ARM, whose processors are used in most mobile devices today, is supercharging its latest Mali graphics technology to bring 4K graphics to tablets and smartphones, while also extending device battery life.
The leadership shakeup at Advanced Micro Devices continued on Monday with the company appointing Forrest Norrod, formerly from Dell, to run its server and custom chip businesses.
A Chinese company has developed the country's first homegrown servers, built entirely out of domestic technologies including a processor from local chip maker Loongson Technology.
If Hewlett-Packard's Moonshot server doesn't pan out, it won't be for lack of trying.
With smartphones and sensors putting more demand on servers and other back-end gear, chip design company ARM is introducing new interconnect technologies that will help shuttle the data around more quickly.
IBM will sell the semiconductor technologies unit that makes its Power processors to GlobalFoundries, paying the chip manufacturer about US$1.3 billion to take two factories off its hands in a move to save money.
Apple's iPad Air 2 is faster than its predecessors thanks to the A8X chip, which could pave the way for the company to put its homegrown silicon in large-screen tablets, TVs, cars and even laptops.
Taiwan Semiconductor Manufacturing Co. is putting a positive spin on China's investments aimed at making its chip industry a competitive, global powerhouse.
Advanced Micro Devices has a new CEO, Lisa Su, who will now try to stabilize a company that's attempting to diversify into new markets outside PCs and servers.
Just as graphics card makers like Nvidia found a secondary market for their wares as system-fortifying co-processors, Micron is plotting to sell booster computational elements based on its memory technologies.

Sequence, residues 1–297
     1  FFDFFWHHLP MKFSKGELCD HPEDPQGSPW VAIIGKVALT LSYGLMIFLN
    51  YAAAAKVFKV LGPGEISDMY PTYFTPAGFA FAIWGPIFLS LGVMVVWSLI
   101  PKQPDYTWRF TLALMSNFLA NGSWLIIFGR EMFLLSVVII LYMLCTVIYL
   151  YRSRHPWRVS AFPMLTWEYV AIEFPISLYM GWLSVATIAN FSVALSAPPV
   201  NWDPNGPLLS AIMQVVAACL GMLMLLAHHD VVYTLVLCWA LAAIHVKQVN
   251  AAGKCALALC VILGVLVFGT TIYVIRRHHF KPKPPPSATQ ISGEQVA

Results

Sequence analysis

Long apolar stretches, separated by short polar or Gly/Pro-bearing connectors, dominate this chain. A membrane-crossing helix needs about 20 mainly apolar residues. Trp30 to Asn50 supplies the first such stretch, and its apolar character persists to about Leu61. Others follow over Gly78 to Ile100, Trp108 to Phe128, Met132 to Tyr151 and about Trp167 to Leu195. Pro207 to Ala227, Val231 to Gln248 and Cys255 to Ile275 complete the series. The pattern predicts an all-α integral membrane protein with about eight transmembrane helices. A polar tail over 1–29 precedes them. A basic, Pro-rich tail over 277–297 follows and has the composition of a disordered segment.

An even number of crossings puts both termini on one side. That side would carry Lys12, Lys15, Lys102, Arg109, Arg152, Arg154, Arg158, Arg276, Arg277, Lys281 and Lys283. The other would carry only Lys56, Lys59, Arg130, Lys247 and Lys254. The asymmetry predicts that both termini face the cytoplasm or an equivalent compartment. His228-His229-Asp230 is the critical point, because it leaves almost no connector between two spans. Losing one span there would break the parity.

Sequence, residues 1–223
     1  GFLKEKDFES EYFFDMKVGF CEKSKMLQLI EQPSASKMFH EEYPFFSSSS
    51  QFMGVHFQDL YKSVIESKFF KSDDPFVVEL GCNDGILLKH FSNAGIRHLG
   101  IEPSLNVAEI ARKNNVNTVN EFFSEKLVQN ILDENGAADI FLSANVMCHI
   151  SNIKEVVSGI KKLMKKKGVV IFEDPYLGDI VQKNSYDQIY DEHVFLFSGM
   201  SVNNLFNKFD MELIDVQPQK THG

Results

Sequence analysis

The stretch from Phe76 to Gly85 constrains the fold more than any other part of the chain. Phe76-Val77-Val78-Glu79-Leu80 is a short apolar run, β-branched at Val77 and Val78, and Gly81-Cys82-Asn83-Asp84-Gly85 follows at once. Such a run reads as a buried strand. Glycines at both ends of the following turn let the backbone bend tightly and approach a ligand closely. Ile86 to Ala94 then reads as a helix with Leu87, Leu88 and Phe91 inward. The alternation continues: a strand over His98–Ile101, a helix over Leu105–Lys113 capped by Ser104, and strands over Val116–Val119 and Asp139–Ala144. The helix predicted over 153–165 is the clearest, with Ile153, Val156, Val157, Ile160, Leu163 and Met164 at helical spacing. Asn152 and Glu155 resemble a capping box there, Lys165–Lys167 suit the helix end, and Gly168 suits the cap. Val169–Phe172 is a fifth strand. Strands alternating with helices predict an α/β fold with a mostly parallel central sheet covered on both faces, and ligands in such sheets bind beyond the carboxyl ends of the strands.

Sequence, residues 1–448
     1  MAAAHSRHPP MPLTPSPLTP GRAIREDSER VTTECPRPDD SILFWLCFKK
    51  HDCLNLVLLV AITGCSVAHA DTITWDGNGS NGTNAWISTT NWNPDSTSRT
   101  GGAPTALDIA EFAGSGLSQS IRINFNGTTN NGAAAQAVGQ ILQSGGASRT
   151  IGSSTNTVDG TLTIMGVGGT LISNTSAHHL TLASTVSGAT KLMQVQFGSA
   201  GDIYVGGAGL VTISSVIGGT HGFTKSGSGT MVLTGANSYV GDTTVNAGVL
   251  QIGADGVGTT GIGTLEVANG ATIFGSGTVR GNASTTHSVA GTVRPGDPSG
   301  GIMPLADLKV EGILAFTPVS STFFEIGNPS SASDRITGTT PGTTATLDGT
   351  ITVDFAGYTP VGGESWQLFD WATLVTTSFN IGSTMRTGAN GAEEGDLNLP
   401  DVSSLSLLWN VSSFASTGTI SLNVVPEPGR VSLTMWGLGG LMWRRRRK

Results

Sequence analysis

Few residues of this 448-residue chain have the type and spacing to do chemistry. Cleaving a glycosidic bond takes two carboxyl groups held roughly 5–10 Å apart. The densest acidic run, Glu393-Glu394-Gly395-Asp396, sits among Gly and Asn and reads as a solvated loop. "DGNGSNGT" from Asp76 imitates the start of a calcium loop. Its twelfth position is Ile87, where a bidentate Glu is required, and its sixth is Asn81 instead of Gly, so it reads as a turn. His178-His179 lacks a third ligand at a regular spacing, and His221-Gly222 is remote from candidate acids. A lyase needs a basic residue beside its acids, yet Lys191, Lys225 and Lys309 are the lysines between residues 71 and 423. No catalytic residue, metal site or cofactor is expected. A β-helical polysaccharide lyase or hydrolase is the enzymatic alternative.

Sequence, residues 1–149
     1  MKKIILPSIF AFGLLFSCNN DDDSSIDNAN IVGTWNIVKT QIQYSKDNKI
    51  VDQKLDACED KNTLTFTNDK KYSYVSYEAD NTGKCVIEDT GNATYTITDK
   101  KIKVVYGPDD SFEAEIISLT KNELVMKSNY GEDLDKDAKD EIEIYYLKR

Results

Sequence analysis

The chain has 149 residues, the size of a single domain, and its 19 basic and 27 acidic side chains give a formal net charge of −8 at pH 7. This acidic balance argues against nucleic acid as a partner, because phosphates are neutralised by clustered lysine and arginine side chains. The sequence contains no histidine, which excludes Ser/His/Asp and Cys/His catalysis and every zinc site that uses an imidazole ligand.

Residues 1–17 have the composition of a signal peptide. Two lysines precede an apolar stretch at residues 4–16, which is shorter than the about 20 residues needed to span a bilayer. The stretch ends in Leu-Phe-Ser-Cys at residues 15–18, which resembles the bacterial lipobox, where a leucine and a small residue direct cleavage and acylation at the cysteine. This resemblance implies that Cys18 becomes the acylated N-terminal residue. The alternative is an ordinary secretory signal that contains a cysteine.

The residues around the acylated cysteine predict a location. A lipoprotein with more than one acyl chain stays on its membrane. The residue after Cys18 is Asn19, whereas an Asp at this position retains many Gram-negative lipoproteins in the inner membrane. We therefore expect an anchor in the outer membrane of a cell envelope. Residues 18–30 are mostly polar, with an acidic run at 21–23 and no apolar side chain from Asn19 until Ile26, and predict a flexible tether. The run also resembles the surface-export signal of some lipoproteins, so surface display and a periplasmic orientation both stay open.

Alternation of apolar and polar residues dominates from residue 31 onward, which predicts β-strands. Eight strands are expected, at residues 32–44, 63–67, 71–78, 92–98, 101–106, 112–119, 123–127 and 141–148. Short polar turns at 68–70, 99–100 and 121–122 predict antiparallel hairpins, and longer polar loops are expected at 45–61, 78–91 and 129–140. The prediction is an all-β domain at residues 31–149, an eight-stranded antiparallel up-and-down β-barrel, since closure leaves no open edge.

Dell, not typically an early adopter of server technology, is still experimenting with systems based on ARM architecture while rival Hewlett-Packard has jumped ahead.
Microsoft's stripped-down version of Windows 8 is coming to the Intel Galileo Gen2 developer board.
AppliedMicro has announced a new family of 64-bit ARM chips that could disrupt the stodgy but sizeable market for components used in network routers, printers and other "embedded" equipment.
Chip design company, ARM, is stepping outside its area of expertise to release a new operating system that could play a big role in building out the Internet of Things.
After suffering a series of setbacks on the way to getting 64-bit ARM servers into the hands of users, company CEO Simon Segars prefers to take a fresh look at market opportunities instead of dwelling on the past.
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First impression on unpacking the Q702 test unit was the solid feel and clean, minimalist styling.